Re’lien didn’t answer, but it seemed that that was answer enough as Kei took her by the arm and pulled her gently away. The courtyard where she had spent the majority of the morning being beaten soon left her vision, and she barely noticed as Kei took off his jacket and placed it on her shoulders.

The streets were relatively empty and she was thankful that the few people out and about did not recognise her. She did not know Kei’s true intentions, but did not want him punished for helping her – if that was what he was genuinely doing. He had shown her kindness. Her distrust was warranted, but he could be thanked for the little he had already done.

Re’lien used this opportunity to get a good look at the town in which she had lived her whole life. Every day she may have left her house, but she had seldom had the pleasure of viewing her city in peace.

Shops flanked her on either side. Double-storied and constructed of white smooth stone, they shone in the dawn sun. Windows constructed of depleted Crystals dotted the second floor in a pattern, the first floor only interrupting that pattern with a doorway. Each doorway was constructed in the general Imperial fashion – an arch flanked by thin decorative columns. Sometimes, the columns would be pushed forward and used to keep up an extension of the roof, which people could use as shelter in harsh weather. Re’lien had never been allowed to use such shelter.

Rows of shops ended as they entered blocks of apartments and residences. These buildings were much taller, but followed a similar design. Edal were a conservative people, and even architecture had to follow a strict code.

As they walked, Re’lien became increasingly aware of her pain. Her sides ached, her back ached and her legs ached. As the hot searing agony increased, she stumbled. Before collapsing, a hand caught her and lifted her up. Her feet left the ground. As exhaustion took her, she could only keep her eyes open and watch as Kei looked at her, his face creased with concern. He was carrying her. This kindness in itself shocked Re’lien more than any stoning or ambush by her sadistic peers. She had faced pain that no one her age should ever experience, but it was this kindness that she found truly shocking.

She did not have any reason to be allowed any form of pleasure. Her crime of association was sin. She was a curse as long as she existed. Why would anyone help her?

As she was carried by the strange young man, she could not help but stare up at the sky as her eyes flickered closed, a tear streaming down her face.


‘She’s a demon! We cannot allow her to live!’

The rotund man was shouting, spittle flying from his mouth. A group surrounding him shouted in agreement. The woman Re’lien stood next to was crying, trying to conceal it. Re’lien recognized the woman as her mother, but all similarities between this woman and the one she had known were now long past.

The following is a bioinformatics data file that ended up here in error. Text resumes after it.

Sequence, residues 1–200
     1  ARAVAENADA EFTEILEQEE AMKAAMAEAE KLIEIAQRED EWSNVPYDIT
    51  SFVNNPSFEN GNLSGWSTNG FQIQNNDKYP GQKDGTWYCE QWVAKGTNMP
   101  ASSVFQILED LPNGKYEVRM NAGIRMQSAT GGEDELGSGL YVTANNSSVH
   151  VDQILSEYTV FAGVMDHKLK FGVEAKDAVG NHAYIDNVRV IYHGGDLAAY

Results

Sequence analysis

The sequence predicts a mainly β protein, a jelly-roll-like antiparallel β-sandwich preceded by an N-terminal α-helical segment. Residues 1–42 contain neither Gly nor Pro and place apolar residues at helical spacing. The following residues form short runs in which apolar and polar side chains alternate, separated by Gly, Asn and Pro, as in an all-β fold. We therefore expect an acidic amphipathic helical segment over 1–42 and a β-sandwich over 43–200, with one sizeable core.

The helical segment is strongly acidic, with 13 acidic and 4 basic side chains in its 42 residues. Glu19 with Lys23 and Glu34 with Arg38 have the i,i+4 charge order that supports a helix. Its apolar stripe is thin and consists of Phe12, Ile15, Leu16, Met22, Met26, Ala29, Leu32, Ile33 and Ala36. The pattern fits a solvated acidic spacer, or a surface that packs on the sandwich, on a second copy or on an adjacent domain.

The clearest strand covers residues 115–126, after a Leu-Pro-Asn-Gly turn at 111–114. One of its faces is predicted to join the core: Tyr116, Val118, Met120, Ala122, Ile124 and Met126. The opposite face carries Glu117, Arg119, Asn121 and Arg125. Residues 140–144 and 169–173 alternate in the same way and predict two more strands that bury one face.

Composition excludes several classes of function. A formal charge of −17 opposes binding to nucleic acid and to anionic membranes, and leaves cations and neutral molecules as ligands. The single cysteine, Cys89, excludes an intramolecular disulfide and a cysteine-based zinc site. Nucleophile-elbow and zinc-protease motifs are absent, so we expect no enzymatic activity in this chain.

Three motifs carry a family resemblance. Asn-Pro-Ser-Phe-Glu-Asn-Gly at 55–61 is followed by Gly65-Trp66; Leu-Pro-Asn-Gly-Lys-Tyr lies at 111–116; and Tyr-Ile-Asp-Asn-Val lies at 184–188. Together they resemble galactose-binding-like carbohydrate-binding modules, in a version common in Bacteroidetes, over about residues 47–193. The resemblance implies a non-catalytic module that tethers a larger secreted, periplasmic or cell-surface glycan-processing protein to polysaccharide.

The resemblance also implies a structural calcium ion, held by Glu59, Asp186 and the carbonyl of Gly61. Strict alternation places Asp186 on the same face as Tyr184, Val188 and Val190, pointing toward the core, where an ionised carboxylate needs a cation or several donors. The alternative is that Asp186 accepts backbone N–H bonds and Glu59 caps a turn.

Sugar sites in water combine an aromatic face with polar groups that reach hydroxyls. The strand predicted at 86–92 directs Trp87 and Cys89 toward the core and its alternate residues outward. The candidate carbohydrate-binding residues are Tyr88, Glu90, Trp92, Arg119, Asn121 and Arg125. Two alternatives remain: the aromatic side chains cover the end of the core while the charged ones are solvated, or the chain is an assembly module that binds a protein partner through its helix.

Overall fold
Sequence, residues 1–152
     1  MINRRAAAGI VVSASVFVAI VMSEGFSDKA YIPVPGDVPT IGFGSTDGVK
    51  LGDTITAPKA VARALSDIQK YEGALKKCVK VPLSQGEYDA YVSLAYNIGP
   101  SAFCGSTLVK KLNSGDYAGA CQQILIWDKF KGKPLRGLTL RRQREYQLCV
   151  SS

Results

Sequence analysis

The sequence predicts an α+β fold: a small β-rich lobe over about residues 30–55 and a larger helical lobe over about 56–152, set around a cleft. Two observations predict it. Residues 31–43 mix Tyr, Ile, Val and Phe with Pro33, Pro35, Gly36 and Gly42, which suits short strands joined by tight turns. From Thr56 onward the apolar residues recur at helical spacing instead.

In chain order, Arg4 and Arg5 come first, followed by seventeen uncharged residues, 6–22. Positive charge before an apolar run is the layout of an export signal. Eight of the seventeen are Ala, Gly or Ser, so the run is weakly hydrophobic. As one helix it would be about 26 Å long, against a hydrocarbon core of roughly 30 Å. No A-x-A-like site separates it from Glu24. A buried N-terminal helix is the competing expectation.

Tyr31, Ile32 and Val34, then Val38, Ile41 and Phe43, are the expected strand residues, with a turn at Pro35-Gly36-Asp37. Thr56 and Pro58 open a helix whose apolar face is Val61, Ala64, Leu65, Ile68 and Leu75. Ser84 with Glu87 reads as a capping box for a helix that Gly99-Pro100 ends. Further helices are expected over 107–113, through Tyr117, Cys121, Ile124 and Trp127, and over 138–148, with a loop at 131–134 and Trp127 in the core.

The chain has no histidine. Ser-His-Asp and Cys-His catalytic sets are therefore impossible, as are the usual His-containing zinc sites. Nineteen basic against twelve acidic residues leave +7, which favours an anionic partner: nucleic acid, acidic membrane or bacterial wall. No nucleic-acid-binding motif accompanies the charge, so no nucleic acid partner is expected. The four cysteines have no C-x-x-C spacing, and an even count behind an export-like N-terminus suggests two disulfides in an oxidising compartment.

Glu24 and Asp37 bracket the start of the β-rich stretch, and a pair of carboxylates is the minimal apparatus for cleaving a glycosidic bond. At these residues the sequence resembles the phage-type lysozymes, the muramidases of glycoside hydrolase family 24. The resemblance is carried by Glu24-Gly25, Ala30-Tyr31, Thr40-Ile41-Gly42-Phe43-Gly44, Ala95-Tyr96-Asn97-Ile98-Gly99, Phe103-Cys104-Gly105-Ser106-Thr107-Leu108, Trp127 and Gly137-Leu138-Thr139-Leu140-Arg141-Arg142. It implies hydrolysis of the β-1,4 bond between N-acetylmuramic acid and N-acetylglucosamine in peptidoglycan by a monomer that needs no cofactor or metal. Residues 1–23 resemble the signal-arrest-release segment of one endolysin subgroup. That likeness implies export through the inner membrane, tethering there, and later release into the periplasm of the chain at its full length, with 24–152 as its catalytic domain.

Smartly dressed and armed with the House Conduit, Re’lien’s father put in his agreement. At that, the group turned to him.

‘How can we trust you, Tren’Lien? With all due respect, you have spawned the demon; you could be one of them!’

‘Do not let your anger destroy your sense, Commander. I have lived faithfully by Council laws my entire life and will continue to do so till the day I die.’

‘That may be sooner than later, eraztar,’ another man added through gritted teeth.

In a flash, curved knives left their scabbards.

‘Take that back, filf, or I’ll cut you till you beg even heathen gods to save you!’

His knife pointing at Re’lien’s father, the man replied.
‘I don’t take orders from demons.’

Re’lien’s father lowered his knife, but then raised his left arm. The man backed way, stunned.

‘No! No! Blasphemy is one thing, but murder…Don’t do thi…’

The last was left unsaid as energy blasted from Tren’lien’s glove, incinerating the agitator and leaving nothing but a charred cadaver in his place.

Lowering his arm, the Lord of House Lien turned to the group who stood frozen, staring at the corpse.

‘Any others wish to doubt my sanctity?’
No one replied.
‘Good, then let us take my heathen daughter to the temple for purification! For the Martyr and Council!’

Re’lien now wished that her father had been allowed his request. If he had, the pain would have been short. There would have been an end. When the Martyr had forbade him the privilege of allowing his honour to remain through her death, she was the one who was truly punished. As much as her father reminded her that she was a demon and deserved all the pain she received, as much as he reminded her how much he suffered, it was she who had to live with the pain. His honour had nothing to do with it. They were her scars, her pain.

It had taken a long while, years even, to realise that. For what seemed most of her lifetime, she suffered while apologising to her father. She felt that she had deserved the pain. Only recently had she started feeling differently.